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Made in 1956, The Sea Creature tells the story of Dr Carlo Lombardi, a sinister hypnotist who keeps his beautiful assistant under his thrall and frequently reverts her back to one of her distant past lives, whereupon her soul departs and she re-emerges from the sea as a hideous prehistoric humanoid monster to carry out her master's bidding.
Basically the film is a rehashing of Frankenstein, and suffers from a dull, dry narrative with little action and some poor acting to boot. Chester Morris is quite convincing as the shadowy showman, but glamourous co-star Marla English doesnt get to do a great deal as she spends most of the film in a trance-like state whilst her prehistoric alter-ego is out causing (mostly offscreen) mayhem. It's Lance Fuller who really drags the film down however as psychic investigator Dr Tom Erickson. Fuller's character is the film's central good-guy protagonist, convinced that Dr Lombardi is somehow to blame for the mysterious killings, but his character boils down to a standard, workmanlike gumshoe detective and is played badly, with Fuller substituting looks of mild confusion and mumbling delivery for actual emoting and expression.
The film is ultimately extremely cheap looking, with no real special effects besides the monster suit and some decent superimposed 'ghost' effects here and there, and there is one particularly laughable scene in which Dr Erickson gets a group of policement to open fire on the monster which, at that point only he (and not the cops nor the audience) can see.
On the plus side the rubber suit monster itself is pretty good, lumbering about menacingly and bringing an element of Lovecraftian horror to the proceedings every time it emerges from the sea, although the inclusion of huge, reptilian breasts is a bit strange. The original promotional poster is great as well, recreated here on the cover of the dvd, but sadly the film doesnt relly live up to it's creepy promise. One for 50s B movie die-hards only.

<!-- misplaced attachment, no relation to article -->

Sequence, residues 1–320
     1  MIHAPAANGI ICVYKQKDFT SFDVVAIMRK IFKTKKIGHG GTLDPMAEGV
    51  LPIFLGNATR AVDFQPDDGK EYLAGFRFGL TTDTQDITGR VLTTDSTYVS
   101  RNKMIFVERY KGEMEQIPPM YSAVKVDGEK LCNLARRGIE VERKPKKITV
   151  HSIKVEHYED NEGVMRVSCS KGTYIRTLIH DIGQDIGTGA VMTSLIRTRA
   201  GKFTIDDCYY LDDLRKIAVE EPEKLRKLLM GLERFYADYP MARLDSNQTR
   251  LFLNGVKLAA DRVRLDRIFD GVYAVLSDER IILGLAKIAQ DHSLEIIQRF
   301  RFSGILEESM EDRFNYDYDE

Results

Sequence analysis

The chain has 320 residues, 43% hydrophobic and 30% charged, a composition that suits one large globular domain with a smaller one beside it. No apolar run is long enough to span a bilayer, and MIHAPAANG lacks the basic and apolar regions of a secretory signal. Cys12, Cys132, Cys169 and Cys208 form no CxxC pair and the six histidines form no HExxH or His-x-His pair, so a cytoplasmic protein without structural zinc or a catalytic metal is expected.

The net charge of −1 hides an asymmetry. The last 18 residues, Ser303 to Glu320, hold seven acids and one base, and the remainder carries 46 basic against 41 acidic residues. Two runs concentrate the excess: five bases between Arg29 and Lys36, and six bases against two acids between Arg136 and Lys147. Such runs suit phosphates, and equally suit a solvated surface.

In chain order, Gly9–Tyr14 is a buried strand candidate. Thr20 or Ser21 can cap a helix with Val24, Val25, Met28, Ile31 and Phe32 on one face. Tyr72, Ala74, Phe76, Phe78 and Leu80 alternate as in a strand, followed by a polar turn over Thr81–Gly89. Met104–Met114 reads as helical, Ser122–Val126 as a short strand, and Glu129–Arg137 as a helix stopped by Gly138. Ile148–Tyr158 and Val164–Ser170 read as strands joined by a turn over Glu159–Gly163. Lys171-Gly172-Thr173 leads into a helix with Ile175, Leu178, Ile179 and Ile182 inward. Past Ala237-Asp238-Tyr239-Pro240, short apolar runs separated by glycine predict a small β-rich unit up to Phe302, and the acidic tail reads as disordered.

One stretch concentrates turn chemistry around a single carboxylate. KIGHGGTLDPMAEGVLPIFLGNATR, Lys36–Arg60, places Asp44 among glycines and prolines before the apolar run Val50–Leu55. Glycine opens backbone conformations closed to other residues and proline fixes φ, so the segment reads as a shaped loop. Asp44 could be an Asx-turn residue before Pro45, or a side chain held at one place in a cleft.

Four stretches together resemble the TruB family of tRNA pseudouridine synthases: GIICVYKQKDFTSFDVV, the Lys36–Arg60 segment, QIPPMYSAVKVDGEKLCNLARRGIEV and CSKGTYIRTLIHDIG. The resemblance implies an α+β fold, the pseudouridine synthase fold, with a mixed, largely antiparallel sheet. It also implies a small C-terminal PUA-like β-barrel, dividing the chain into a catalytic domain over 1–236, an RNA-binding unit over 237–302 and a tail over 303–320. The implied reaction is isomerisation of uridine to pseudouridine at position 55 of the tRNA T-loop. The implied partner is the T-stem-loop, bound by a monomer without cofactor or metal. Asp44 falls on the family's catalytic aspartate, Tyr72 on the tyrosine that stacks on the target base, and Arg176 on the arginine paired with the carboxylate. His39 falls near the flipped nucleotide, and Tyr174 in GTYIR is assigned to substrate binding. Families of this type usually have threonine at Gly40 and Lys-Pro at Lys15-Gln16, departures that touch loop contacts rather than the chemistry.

Chester Morris as Dr. Carlo Lombardi
Marla English as Andrea Talbott
Tom Conway as Timothy Chappel
This Science Fiction offering from 1956 combines some of my favourite 'bad film' elements: evil moustachioed stage hypnotist, female half-human-half-monster, a really poor 'reincarnation' premise, terrible wooden acting, and lovely seaside location (Malibu in this case). It has a pretty good bad-film pedigree, having been directed by Edward L Kahn who gave us such 50's gems as 'Invasion of the Saucer Men', 'Creature with the Atom Brain', and what is actually one of my fave more 'serious' 50's Sci-Fi films, 'It: The Terror From Beyond Space', which I've heard is believed to have been the inspiration for the later blockbuster movie 'Alien'.
Dr Carlo Lombardi, stage hypnotist and possessor of a superbly sinister moustache (together with such oily slicked-back hair that it positively radiates), strolls along the beach late at night impeccably dressed in suit, tie and hat. After frightening off a yapping stray dog simply by dint of his intense gaze, he goes on to find a strange large webbed footprint in the sand. We're given a closeup of his eyes as he looks around in some sort of furtively mysterious and meaningful way, before we then cut straight to the middle of some pleasant formal-dress house party. An older lady confides in one of the guests, who we learn is her husband: 'Dr Lombardi said something terrible is going to happen along this part of the coast tonight. Some visitation from the occult world!' 'Hmm, the occult world, eh,' hubby scoffs. 'Oh, really, you must meet him - he's wonderful,' wifey insists.